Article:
If you felt a bit squeezed on your last flight, you are not alone.
During the past decade, airlines have been expanding luxury and business class seating to lure extra dollars out of customers. Meanwhile, the available space is shrinking in the back of the plane.
In an effort to maintain the same number of coach seats, widths have been steadily chopped, leaving passengers feeling that squeeze, according to a recent Wall Street Journal report.
So, no, it's not you. It's the seat. Boeing's new 787 Dreamliner offers two set-ups in the coach cabin: eight seats across or nine. The majority of Boeing's customers -- about 90% -- choose the nine-seat version, which allows for 16.8" seats.
The Airbus A330, used by 10 airlines, is no better. In its nine-seat across version, the seats are 16.7" wide.
To put that in perspective, look at other seating arrangements:
- The average Regal Cinemas movie theater seat is 24" wide.
- Those nice roomy seats you pass by in first class are about 21" wide.
- Amtrak coach seats are about 20.5" wide.
- Stadium seats are about 19" wide.
- The average hip width of a US Air Force pilot -- the standard used for many coach sections -- is 17".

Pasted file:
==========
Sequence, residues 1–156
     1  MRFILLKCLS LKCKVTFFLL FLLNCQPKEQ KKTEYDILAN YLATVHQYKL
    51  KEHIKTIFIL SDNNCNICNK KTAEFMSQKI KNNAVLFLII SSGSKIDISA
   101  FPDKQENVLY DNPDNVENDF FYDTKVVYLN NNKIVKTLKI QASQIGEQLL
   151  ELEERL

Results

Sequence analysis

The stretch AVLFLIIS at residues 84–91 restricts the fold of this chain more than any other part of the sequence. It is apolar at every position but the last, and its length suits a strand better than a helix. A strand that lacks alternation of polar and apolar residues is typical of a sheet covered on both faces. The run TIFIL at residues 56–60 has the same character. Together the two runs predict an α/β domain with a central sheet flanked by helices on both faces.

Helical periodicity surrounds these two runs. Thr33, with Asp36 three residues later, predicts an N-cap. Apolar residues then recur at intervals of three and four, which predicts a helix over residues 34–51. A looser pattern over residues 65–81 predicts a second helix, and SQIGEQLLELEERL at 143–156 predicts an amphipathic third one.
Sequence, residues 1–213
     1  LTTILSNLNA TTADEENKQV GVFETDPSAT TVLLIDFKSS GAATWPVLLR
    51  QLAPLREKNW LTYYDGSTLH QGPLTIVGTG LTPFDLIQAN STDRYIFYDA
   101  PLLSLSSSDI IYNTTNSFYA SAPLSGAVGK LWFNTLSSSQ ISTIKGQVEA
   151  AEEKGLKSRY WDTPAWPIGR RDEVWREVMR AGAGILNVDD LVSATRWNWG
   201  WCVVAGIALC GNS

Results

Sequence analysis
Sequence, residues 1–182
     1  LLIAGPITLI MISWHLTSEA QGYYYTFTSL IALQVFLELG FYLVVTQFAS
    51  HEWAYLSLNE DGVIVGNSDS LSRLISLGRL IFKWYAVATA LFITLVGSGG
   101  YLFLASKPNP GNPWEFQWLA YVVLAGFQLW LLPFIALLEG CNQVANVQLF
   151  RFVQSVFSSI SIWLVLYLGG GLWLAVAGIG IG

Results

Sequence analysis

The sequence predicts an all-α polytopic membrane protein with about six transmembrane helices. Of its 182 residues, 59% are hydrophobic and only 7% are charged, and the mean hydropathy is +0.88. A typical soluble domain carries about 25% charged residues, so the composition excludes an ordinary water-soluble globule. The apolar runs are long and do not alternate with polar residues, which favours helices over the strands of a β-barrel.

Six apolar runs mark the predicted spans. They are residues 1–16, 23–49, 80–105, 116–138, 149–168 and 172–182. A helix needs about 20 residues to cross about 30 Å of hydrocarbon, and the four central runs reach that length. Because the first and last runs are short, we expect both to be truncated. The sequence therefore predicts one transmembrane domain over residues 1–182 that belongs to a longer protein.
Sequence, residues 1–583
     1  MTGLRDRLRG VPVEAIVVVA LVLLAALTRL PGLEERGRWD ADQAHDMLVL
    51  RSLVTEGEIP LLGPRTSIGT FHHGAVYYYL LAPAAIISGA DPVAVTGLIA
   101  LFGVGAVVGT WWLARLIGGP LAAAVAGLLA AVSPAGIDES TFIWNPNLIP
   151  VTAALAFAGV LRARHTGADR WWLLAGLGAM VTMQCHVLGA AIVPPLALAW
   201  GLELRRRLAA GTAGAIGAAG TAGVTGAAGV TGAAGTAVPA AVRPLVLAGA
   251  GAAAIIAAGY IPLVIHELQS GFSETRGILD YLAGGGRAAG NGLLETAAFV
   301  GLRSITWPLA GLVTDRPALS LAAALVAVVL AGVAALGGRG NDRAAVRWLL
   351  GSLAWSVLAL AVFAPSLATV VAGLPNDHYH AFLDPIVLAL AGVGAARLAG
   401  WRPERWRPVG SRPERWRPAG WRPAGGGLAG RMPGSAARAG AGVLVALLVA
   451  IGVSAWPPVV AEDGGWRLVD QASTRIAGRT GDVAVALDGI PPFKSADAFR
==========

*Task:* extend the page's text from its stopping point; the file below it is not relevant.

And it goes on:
Airlines are trying to distract fliers with more movie and food options.
"With food and TV, people are mesmerized," Emirates President Tim Clark told The Wall Street Journal.
They're also squished.
Coping with the problem
There are ways to ensure a wider seat on your next flight.
If you are willing to pay, many airlines have "premium economy" sections that often have seats that are up to 40% wider than standard economy seats. But, according to SmartTravel.com, some of those seats are up to 122% more expensive than regular economy accommodations.
SeatGuru.com is a helpful resource for planning out a trip. It offers seat maps for every major airline flying the friendly skies.
In the end, the best way to make sure you don't feel pinched on your next flight is to plan ahead and know what you're getting into -- like cars, each model is different. Make sure you plan for a roomy ride.
And if you do end up feeling the pinch, remember, it's not you, it's them.